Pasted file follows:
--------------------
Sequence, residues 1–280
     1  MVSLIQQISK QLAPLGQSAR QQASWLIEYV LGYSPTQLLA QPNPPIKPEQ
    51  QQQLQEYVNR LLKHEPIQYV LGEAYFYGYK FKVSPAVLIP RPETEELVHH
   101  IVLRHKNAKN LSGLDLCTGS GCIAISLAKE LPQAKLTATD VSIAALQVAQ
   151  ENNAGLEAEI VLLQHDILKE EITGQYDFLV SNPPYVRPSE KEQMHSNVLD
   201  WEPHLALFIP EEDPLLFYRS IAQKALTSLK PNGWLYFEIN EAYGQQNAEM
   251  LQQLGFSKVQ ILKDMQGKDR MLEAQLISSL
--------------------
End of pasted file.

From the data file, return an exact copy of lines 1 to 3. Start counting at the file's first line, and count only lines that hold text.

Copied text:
Sequence, residues 1–280
     1  MVSLIQQISK QLAPLGQSAR QQASWLIEYV LGYSPTQLLA QPNPPIKPEQ
    51  QQQLQEYVNR LLKHEPIQYV LGEAYFYGYK FKVSPAVLIP RPETEELVHH